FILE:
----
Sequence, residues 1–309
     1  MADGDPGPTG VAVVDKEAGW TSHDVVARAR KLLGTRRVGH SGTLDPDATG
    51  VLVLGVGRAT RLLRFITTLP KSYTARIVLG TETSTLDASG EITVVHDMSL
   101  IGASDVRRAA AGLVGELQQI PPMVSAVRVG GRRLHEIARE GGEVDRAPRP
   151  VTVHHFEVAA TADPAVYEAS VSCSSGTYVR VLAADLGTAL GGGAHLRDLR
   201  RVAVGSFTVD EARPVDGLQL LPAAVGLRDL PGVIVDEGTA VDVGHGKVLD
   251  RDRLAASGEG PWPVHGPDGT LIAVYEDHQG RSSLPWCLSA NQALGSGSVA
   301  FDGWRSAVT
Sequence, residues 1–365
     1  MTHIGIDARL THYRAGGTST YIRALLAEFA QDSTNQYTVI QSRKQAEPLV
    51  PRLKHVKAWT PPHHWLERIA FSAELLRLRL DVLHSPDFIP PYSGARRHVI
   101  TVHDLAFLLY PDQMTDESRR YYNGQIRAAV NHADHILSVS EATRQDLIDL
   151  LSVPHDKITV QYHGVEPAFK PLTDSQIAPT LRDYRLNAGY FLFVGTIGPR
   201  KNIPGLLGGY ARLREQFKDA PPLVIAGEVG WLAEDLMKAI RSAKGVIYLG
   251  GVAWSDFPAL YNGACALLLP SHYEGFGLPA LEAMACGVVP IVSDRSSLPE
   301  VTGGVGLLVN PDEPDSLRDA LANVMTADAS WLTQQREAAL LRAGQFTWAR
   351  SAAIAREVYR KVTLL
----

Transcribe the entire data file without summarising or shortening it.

Sequence, residues 1–309
     1  MADGDPGPTG VAVVDKEAGW TSHDVVARAR KLLGTRRVGH SGTLDPDATG
    51  VLVLGVGRAT RLLRFITTLP KSYTARIVLG TETSTLDASG EITVVHDMSL
   101  IGASDVRRAA AGLVGELQQI PPMVSAVRVG GRRLHEIARE GGEVDRAPRP
   151  VTVHHFEVAA TADPAVYEAS VSCSSGTYVR VLAADLGTAL GGGAHLRDLR
   201  RVAVGSFTVD EARPVDGLQL LPAAVGLRDL PGVIVDEGTA VDVGHGKVLD
   251  RDRLAASGEG PWPVHGPDGT LIAVYEDHQG RSSLPWCLSA NQALGSGSVA
   301  FDGWRSAVT
Sequence, residues 1–365
     1  MTHIGIDARL THYRAGGTST YIRALLAEFA QDSTNQYTVI QSRKQAEPLV
    51  PRLKHVKAWT PPHHWLERIA FSAELLRLRL DVLHSPDFIP PYSGARRHVI
   101  TVHDLAFLLY PDQMTDESRR YYNGQIRAAV NHADHILSVS EATRQDLIDL
   151  LSVPHDKITV QYHGVEPAFK PLTDSQIAPT LRDYRLNAGY FLFVGTIGPR
   201  KNIPGLLGGY ARLREQFKDA PPLVIAGEVG WLAEDLMKAI RSAKGVIYLG
   251  GVAWSDFPAL YNGACALLLP SHYEGFGLPA LEAMACGVVP IVSDRSSLPE
   301  VTGGVGLLVN PDEPDSLRDA LANVMTADAS WLTQQREAAL LRAGQFTWAR
   351  SAAIAREVYR KVTLL